DOJ Won’t Get Google Search Queries

In a 20-page decision, U.S. District Judge James Ware ruled Google must turn over the URLs of 50,000 randomly selected sites included in its search database, but does not have to turn over 5,000 search queries submitted by users.

The Department of Justice, preparing to defend the Child Online Protection Act (COPA) in an unrelated case, subpoenaed search records from Google, America Online, Yahoo, and Microsoft to assess how everyday Internet users access information and the degree to which the data they located could be deemed harmful to minors. Initially, the Justice Department demanded “billions” of URLs and two months’ worth of user search queries; after discussions, Google still refused to fulfill the government’s reduced demands for 1 million URLs and a week’s worth of user search queries. Google argued the data wouldn’t be useful to the government’s case, and that the subpoena violated both Google’s trade secrets and its users’ privacy.

Although the government wasn’t asking for personally identifiable information (such as the IP numbers associated with search requests), Google is still hailing the decision as a victory for users’ privacy: “As we noted in our briefing to the court, we believe that if the government was permitted to require Google to hand over search queries, that could have undermined confidence that our users have in our ability to keep their information private. Because we resisted the subpoena, the Department of Justice will not receive any search queries and only a small fraction of the URLs it originally requested.”

Google intends to comply fully with Judge Ware’s ruling.

Emerging Tech

Here’s how Facebook taught its Portal A.I. to think like a Hollywood filmmaker

When Facebook introduced its Portal screen-enhanced smart speakers, it wanted to find a way to make video chat as intimate as sitting down for a conversation with a friend. Here's how it did it.
Computing

Chrome is a fantastic browser, but is is still the best among new competitors?

Choosing a web browser for surfing the web can be tough with all the great options available. Here we pit the latest versions of Chrome, Opera, Firefox, Edge, and Vivaldi against one another to find the best browsers for most users.
Smart Home

Google Home and Amazon Alexa are asking smart home device makers for user info

Google and Amazon want to establish a "continuous flow" of information between their servers and your smart home devices, but companies like Logitech have begun to speak out for user privacy.
Business

Apple loses battle to use Intel modems in Germany in latest clash with Qualcomm

Apple is following the Federal Trade Commission's lead and has sued Qualcomm for a massive $1 billion in the U.S., $145 million in China, and also in the U.K., claiming the company charged onerous royalties for its patented tech.
Computing

Nvidia promises DLSS at low resolutions will be ‘top priority’ in future updates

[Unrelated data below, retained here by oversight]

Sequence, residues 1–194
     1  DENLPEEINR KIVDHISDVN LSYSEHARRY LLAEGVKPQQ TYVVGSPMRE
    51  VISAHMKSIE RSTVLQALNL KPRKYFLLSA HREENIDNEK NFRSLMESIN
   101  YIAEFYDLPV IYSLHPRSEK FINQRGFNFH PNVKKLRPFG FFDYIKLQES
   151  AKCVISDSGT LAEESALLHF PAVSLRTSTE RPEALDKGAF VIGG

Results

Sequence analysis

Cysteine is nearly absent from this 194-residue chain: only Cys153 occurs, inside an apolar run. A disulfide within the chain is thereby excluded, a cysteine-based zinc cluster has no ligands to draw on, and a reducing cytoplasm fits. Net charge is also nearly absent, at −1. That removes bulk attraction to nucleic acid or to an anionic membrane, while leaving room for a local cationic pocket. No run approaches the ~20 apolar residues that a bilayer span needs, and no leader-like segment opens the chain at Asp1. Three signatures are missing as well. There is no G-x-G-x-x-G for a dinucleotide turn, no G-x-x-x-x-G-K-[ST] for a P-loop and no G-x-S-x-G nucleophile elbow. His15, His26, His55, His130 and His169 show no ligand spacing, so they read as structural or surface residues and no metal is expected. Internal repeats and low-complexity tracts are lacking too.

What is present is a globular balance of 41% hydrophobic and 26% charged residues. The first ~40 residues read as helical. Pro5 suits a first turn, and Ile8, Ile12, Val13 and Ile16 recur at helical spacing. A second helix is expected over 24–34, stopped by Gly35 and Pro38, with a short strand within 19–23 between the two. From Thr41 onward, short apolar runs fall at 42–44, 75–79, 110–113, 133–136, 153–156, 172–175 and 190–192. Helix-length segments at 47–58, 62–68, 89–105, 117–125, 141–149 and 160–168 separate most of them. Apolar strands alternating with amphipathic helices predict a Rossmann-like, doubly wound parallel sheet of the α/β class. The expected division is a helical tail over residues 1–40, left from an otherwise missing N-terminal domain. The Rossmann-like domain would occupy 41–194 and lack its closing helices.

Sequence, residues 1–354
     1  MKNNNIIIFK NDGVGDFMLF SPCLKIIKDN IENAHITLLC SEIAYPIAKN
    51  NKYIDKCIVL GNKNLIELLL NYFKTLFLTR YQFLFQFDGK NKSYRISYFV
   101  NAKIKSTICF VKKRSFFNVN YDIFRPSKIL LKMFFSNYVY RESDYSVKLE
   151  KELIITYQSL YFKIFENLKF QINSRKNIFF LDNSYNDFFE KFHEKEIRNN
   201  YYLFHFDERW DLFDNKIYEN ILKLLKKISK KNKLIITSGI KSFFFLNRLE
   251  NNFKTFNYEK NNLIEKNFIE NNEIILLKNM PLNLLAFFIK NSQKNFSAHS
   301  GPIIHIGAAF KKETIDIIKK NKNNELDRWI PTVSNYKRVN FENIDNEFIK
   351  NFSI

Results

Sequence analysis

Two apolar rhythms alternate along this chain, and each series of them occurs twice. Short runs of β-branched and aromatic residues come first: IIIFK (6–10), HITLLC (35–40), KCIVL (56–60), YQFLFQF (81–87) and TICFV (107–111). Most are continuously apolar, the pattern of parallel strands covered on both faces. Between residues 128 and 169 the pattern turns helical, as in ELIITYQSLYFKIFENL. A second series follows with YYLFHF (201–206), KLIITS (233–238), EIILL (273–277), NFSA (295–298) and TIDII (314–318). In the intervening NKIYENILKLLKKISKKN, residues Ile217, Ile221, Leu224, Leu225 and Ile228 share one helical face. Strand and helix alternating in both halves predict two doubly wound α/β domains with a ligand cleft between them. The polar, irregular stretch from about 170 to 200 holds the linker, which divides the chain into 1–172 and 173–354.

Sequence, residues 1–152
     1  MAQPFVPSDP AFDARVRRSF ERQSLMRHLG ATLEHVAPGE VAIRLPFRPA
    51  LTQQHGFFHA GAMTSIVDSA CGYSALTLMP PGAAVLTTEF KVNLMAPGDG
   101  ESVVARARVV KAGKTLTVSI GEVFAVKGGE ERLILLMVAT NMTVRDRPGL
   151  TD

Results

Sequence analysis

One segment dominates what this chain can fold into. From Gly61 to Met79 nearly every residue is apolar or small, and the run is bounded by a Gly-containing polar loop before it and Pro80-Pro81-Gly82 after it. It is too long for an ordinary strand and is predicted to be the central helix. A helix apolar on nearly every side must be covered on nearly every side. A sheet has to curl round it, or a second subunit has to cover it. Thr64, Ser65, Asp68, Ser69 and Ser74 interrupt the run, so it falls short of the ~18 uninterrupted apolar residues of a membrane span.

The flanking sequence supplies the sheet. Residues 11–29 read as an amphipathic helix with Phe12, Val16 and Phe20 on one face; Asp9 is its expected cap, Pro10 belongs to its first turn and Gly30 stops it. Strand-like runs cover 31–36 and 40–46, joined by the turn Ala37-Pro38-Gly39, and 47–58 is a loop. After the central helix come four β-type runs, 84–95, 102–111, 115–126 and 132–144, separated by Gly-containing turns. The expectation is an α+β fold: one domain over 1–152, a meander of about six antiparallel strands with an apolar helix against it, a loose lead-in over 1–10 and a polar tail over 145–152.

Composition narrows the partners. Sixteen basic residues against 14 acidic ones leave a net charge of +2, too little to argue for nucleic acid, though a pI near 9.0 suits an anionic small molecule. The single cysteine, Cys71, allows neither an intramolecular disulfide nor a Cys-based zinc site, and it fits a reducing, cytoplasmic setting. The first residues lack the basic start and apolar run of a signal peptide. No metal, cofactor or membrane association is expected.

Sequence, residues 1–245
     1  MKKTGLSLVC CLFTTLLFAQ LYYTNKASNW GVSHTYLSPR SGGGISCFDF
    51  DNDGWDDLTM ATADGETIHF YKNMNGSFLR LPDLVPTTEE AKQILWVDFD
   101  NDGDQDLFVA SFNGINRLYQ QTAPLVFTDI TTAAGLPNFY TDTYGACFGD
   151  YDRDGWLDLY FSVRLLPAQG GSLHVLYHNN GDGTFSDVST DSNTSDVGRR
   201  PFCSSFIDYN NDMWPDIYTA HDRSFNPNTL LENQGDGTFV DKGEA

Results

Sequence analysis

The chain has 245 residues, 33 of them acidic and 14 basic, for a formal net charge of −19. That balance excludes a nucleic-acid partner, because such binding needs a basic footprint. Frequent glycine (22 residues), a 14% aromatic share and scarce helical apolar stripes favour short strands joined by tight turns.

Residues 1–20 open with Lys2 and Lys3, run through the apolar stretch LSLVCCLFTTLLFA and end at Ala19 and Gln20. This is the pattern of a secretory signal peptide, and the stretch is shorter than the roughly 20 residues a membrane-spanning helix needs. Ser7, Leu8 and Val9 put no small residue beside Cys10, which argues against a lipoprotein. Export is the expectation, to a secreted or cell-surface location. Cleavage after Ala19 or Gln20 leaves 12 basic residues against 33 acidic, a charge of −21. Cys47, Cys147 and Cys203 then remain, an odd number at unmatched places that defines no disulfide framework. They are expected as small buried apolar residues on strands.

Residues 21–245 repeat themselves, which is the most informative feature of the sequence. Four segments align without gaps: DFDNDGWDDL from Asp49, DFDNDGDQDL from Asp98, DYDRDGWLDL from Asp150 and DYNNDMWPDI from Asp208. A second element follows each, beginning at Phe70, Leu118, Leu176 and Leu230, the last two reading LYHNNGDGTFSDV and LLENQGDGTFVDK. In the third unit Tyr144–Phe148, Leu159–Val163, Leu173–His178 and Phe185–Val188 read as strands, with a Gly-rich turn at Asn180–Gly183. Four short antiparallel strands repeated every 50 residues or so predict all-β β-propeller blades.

Nvidia's deep learning super sampling needs work. Gamers know it and now we know Nvidia knows it too. The company made it clear on the technology's FAQ page that it plans to make fixing DLSS a top priority.
Computing

All signs point to a new Apple external display in 2019. Will it be 6K or 8K?

Will there be an Apple Display 2019? It looks like Apple is getting ready to announce a new monitor, after canceling its old Thunderbolt Display back in 2016. But what will this new display look like? Here's what we know.
Computing

Best Buy’s latest sale takes up to $300 off the best Chromebooks

Looking to purchase a new Chromebook? You're in for some luck. Best Buy's latest sale is taking up to $300 off some of the best premium Chromebooks, including the HP Chromebook x2.
Computing

Microsoft’s Presidents Day Sale cuts price of some Surface laptops by up to $200

It is a great time to save on Windows 10 laptops. Microsoft's retail store is running a sale on some of the best tablets and laptops, cutting pricing by up to $200 on the Surface Laptop 2 and more.
Gaming

Here’s how to set up a virtual private network (VPN) on your Xbox One

Online privacy is more important now than it's ever been, and gaming is happening online more than ever before. Here's a quick guide on how to set up a VPN for your Xbox One so you game in safe anonymity.
Computing

New Chrome feature aimed at preventing websites from blocking Incognito Mode

A new Chrome feature will prevent websites from blocking Chrome users as they browse using Incognito Mode. The feature is supposed to fix a known loophole that allows websites to detect and block those using Incognito Mode.
Photography

What’s the difference between Lightroom CC and Lightroom Classic?

Lightroom CC has evolved into a capable photo editor, but is it enough to supplant Lightroom Classic? We took each program for a test drive to compare the two versions and see which is faster, more powerful, and better organized.
Computing

Reluctant to give your email address away? Here's how to make a disposable one

Want to sign up for a service without the risk of flooding your inbox with copious amounts of spam and unwanted email? You might want to consider using disposable email addresses via one of these handy services.
Computing

Don't use streaming apps? Try the best free media players for your local music

Rather than using music-streaming apps, you may want something for playing your local music. Good news! There are some good alternatives. These are the best media players you can download for free on Windows.
Mobile

Need speed? Qualcomm unveils the Snapdragon X55, the world’s fastest 5G modem

Qualcomm is preparing for an even faster future: The silicon giant just unveiled a second generation 5G modem for smartphones, promising blistering download speeds as high as 7Gbps.